How to permanently delete social media accounts

As social media continues to fragment and mature, 2022 may be the year when many of us decide to log off completely.

Monday, 24 January, 2022

Love it or hate it, social media has become part of the fabric of our society.

We post photographs of our breakfast on Instagram, argue about COVID restrictions on Facebook, stalk celebrities on Twitter and watch music videos on YouTube.

There’s also a second tier of platforms which qualify as social media despite standing apart – the career-oriented LinkedIn networking site, or the digital book club Goodreads.

However enmeshed you’ve become in this virtual world, there will probably come a time when you’ll want to permanently delete social media accounts.

This might be due to changing personal circumstances, a greater desire for privacy, platform fatigue, mental health or any number of other factors.

A sense of permanence

Firstly, let’s consider why permanent deletion is better than simply deactivating an account.

In the latter scenario, your social media accounts lie dormant, ready to be reawakened by logging into the site.

This also means your data is still saved on giant servers in anonymous data centres, where it can be endlessly resold and used by companies you’ve never heard of in ways you’d never dreamed of.

By contrast, when you permanently delete social media accounts, all account history is expunged. That means personal data is gone, never to return.

The temptation to rejoin that platform is also reduced, because you’ll never be able to fully reconstruct whatever contacts and data existed before the first account was erased.

Pre-emptive steps

The decision to leave a social media site shouldn’t be taken lightly, and it’s important to do a bit of housekeeping beforehand.

Start by downloading or saving any media content which you couldn’t access outside that platform – consistently amusing memes, useful video links, and so forth.

Scroll through timelines and DMs and ensure you won’t lose irreplaceable material like poems written to an ill friend, or a complaints chronology relating to a product you still own.

It might be advantageous to tell contacts on that platform you’re leaving, giving them a chance to connect in other ways or ask for a phone number/email address via DM.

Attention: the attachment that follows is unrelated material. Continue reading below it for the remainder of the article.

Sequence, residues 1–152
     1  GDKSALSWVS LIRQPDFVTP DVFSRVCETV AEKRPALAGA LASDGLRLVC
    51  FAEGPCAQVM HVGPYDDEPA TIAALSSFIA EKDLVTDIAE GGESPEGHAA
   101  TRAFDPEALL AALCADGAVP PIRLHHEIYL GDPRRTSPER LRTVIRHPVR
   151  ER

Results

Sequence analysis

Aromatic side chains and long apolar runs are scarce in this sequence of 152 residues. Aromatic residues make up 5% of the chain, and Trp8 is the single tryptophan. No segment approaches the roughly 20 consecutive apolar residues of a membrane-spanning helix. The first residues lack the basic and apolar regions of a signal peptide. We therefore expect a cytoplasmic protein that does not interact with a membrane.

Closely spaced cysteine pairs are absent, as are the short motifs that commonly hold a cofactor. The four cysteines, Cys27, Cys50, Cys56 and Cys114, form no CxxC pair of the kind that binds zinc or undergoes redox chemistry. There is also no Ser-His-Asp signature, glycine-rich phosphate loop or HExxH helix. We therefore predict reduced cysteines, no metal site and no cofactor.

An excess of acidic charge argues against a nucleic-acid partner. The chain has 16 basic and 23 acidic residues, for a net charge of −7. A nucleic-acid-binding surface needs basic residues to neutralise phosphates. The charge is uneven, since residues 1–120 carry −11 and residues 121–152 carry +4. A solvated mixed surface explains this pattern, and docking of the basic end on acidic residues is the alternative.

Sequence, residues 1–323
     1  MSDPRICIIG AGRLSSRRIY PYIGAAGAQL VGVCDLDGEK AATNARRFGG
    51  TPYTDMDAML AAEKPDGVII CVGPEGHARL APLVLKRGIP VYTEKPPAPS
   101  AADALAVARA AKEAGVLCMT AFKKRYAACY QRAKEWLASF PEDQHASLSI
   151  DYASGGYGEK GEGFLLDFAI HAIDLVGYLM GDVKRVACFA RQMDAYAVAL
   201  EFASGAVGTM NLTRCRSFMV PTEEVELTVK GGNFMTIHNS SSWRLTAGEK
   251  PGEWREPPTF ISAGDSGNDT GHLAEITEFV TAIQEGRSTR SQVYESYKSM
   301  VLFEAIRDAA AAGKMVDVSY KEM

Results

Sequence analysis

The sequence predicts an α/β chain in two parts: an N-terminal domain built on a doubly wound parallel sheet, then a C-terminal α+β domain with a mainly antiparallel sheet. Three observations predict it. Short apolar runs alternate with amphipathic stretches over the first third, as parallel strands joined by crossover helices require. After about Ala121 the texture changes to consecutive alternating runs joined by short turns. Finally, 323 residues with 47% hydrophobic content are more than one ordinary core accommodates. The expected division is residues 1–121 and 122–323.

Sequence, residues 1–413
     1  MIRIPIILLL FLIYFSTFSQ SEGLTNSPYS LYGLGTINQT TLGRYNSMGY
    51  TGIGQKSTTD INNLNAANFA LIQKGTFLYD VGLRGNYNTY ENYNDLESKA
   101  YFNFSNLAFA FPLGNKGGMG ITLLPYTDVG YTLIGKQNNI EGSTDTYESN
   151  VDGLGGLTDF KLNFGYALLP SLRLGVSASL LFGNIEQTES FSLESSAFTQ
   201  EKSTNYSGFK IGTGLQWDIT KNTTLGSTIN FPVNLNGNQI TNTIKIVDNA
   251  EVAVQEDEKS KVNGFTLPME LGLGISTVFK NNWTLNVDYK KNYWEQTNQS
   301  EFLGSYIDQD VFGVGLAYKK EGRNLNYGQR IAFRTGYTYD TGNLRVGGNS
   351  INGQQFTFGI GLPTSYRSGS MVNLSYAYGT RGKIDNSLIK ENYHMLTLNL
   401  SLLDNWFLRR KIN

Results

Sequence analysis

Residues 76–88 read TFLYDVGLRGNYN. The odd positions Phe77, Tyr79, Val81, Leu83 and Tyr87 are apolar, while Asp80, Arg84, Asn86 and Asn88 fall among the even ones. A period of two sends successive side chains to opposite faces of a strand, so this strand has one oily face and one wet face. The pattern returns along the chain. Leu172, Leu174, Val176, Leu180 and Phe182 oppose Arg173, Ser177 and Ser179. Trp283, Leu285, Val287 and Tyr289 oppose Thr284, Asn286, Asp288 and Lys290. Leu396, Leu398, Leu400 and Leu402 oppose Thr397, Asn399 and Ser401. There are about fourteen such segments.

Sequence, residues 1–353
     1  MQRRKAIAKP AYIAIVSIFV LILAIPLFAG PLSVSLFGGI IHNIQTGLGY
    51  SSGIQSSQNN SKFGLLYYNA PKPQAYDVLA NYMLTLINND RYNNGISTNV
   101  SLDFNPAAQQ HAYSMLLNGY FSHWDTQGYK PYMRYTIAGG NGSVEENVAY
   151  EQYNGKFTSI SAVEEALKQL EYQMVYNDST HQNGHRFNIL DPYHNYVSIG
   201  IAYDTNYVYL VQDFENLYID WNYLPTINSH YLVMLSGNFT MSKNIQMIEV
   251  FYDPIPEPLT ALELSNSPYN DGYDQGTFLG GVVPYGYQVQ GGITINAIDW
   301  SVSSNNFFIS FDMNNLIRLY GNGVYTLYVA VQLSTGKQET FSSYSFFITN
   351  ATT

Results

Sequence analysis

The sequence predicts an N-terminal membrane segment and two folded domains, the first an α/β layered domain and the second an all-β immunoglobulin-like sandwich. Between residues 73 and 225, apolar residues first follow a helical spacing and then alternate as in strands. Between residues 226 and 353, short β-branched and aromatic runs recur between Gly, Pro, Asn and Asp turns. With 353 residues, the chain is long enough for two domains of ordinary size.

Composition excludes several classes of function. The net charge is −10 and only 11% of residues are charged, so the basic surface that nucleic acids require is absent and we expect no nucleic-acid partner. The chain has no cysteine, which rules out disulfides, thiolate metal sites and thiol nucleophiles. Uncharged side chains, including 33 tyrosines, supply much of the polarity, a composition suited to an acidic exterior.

Having saved valuable attachments and notified significant personnel, the next step is to request permanent deletion of your account.

Popular sites like Facebook and Twitter insist on a 30-day cooling off period, where your account is initially deactivated before being scheduled for automatic deletion.

Don’t let these sites persuade you to ‘just’ deactivate an account on a long-term basis. If you’ve decided to leave, have the courage of your convictions and make a clean break.

This is beneficial in all sorts of ways, including the prospect of better mental health.

Account deletion is (understandably) frowned upon by companies whose very existence depends on maximising screen time, so it’s rarely an easy or well-advertised process.

For instance, on Facebook, it’s necessary to click a tiny drop-down arrow beside your profile, go to Settings & Privacy > Settings > Deactivation and deletion > Delete Account.

You’re then asked to click Continue to Account Deletion, click Delete Account yet again, enter a password and confirm your intentions once more.

It’s a lot easier to create a Facebook account than to erase one, which is no coincidence.

Facebook also say data remains on their servers for up to 90 days after the deletion process commences, though it’s not publicly visible.

Smartphone apps often lack the functionality to close an account – Twitter users will have to log in through a desktop browser to request deletion.

Even then, logging back in within 30 days automatically reactivates a supposedly closed account.

The aftermath

Having deleted your accounts and waited the requisite 30 days, it’s advisable not to sign back up to a platform you left for genuine reasons.

The pre-emptive planning outlined earlier should prove its worth here, negating any need to use the site again.

If you need to check something, try running a Google or Bing search to see if it displays.

If no results are returned but you know it’s accessible through a social media site, ask a friend or relative if you can momentarily view their account to gain access.

Neil Cumins author picture


Neil is our resident tech expert. He's written guides on loads of broadband head-scratchers and is determined to solve all your technology problems!